Children who have developmental delays, which can include learning disabilities, mental retardation, cerebral palsy, and other impairments that prevent a child from developing at a rate equal to others their age, often require additional assistance to function well at school, including medical treatments or therapies to increase their functioning. These additional treatments and therapies can be financial straining on families. Supplemental Security Income (SSI) is available to children who qualify.
When your child is struggling with a disability and is denied disability benefits through SSI, it can be very frustrating as a parent. There are several reasons why children are denied benefits, and the reason they are denied will affect the actions that you take. Below are some of the reasons children are denied benefits.
Once you understand why your child was denied benefits, you must make a decision as to whether or not you are going to appeal the decision. Please be mindful that you need to give Social Security notice of your intention to appeal in writing. You have 60 days to do this from the day you received the denial notice, or you will lose the ability to appeal your decision. If you fail to appeal, you will need to reapply in order for your child to receive disability benefits.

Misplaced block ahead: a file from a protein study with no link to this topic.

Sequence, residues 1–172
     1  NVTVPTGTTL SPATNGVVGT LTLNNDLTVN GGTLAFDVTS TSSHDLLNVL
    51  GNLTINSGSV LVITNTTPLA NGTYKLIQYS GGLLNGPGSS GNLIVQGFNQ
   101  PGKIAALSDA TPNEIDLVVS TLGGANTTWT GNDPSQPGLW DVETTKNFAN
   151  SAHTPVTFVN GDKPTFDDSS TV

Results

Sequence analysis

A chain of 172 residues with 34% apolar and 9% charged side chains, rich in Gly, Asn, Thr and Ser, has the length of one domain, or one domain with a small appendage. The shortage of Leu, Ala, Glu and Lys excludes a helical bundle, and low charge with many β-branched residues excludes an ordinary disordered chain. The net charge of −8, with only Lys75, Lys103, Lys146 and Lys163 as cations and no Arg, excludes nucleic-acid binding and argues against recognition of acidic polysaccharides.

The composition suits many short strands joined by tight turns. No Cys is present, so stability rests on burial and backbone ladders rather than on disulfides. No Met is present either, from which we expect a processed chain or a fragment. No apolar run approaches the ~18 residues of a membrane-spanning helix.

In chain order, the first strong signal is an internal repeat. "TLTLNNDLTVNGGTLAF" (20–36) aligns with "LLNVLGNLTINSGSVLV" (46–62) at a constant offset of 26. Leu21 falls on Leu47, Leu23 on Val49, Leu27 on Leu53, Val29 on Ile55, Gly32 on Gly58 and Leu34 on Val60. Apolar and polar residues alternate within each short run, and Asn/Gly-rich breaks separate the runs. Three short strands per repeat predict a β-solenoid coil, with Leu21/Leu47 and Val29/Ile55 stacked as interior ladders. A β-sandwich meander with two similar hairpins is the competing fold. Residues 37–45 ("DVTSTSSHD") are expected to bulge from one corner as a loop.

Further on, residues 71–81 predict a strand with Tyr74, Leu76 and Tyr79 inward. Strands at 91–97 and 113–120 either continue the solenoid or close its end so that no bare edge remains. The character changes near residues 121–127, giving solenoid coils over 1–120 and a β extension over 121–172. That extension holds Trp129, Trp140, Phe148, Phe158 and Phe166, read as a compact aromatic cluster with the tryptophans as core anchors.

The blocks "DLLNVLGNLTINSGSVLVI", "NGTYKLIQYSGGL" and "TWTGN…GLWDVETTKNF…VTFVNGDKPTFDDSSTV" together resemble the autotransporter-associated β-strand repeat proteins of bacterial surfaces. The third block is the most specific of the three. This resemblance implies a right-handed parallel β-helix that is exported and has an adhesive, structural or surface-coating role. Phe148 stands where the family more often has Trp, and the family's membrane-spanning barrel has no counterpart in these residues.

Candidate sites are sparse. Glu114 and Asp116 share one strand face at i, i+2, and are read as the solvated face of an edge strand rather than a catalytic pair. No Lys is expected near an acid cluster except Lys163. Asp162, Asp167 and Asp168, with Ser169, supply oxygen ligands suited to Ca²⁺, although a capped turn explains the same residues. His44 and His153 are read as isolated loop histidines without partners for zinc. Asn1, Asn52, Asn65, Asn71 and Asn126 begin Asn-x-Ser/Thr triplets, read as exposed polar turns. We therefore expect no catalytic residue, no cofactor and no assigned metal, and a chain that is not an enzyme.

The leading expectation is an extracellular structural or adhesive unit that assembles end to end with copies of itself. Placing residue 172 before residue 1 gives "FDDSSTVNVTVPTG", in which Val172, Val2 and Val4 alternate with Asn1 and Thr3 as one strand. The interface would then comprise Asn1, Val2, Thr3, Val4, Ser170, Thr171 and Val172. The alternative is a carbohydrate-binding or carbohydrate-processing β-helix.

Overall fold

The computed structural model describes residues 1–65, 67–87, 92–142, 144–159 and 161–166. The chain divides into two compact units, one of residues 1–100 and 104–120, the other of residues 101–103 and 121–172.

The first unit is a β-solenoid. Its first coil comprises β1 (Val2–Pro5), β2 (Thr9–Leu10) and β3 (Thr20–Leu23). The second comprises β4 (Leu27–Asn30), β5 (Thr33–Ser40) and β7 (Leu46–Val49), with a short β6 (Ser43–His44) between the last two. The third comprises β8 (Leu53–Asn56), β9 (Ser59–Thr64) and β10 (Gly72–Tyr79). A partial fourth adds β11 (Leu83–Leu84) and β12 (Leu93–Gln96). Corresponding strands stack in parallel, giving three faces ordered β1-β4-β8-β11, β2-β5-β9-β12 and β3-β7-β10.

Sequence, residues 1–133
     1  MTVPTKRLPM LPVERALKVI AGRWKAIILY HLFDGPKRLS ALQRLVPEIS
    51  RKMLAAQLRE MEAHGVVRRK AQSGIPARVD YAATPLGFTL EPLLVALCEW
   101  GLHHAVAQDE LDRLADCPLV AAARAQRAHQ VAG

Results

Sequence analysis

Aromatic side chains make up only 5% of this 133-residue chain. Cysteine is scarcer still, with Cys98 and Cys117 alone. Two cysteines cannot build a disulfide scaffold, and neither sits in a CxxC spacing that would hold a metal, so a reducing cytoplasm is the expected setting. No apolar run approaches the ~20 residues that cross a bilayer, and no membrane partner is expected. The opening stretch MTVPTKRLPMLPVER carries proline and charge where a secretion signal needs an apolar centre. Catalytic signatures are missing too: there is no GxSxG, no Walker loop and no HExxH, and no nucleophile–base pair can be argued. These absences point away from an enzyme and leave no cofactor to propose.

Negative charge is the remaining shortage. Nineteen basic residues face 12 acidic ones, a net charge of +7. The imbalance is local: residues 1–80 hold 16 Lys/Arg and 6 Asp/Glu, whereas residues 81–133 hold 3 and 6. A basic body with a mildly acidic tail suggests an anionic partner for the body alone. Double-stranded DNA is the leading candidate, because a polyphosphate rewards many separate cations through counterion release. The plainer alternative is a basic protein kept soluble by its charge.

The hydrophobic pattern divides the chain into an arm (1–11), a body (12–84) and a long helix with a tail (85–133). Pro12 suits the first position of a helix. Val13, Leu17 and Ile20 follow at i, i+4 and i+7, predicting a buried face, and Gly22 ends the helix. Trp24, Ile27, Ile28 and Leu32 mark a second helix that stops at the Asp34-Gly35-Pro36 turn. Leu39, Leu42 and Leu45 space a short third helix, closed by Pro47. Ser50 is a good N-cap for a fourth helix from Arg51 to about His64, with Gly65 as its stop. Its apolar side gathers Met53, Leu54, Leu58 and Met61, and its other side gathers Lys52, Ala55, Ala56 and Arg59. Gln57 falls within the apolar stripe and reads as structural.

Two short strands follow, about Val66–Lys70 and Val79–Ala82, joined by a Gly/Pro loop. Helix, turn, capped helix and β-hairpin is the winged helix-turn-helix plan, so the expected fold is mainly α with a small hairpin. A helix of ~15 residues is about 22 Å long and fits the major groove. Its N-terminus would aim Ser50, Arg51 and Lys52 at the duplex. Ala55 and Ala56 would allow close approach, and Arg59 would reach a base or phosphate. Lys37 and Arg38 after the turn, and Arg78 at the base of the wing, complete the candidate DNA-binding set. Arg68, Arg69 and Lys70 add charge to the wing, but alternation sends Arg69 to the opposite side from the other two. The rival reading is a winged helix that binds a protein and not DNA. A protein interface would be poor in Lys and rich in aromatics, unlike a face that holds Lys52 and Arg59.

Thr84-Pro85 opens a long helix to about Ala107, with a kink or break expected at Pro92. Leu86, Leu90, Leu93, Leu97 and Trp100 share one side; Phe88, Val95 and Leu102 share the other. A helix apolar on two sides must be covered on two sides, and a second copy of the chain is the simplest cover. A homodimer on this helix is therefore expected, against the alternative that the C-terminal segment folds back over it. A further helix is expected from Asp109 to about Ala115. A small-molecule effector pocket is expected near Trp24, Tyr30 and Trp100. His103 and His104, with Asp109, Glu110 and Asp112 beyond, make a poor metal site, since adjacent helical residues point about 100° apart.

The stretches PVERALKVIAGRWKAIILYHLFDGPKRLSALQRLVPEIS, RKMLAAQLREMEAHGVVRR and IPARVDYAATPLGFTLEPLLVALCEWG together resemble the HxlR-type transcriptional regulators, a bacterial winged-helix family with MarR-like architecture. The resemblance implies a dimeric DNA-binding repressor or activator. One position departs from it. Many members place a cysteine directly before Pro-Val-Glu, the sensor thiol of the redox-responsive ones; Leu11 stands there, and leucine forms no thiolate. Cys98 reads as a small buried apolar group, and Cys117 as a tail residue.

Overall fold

When your child is denied SSI benefits, there are four steps that can be taken in order to get SSA's decision reversed. Hopefully, the first step will be successful and you will not need to further appeal the benefits decision.
For more information on each level of appeal, see our article on the four levels of Social Security appeals.
For children who are denied disability claims for developmental delays, the key area of concern for winning an appeal is the medical record. Whether the record was not properly "developed" (meaning SSA did not collect all of the needed medical records) or the records do not say what is needed (because the child did not receive treatment or visit a psychologist or psychiatrist frequently) or the records failed to show the extent of your child's impairments or limitations, it is essential that you take the time to collect the medical records that you need to support your child’s case. This may include asking your child's doctor or psychologist to write a statement about how your child's delays negatively affect his academic and social functioning.
For children, there are other records that can be used beyond medical records to prove a child’s functional limitations. These other records include:
It is important to provide your records to Social Security prior to your child's hearing in order to allow the ALJ time to review and properly consider the new evidence in your case.
To decide if your child should receive SSI benefits, the ALJ will compare your child level of functioning to teachers' expectations of your child, to others with similar limitations (such as other children in special education classes), and to other children the same age who have no limitations. For more information on this analysis, see our articles on: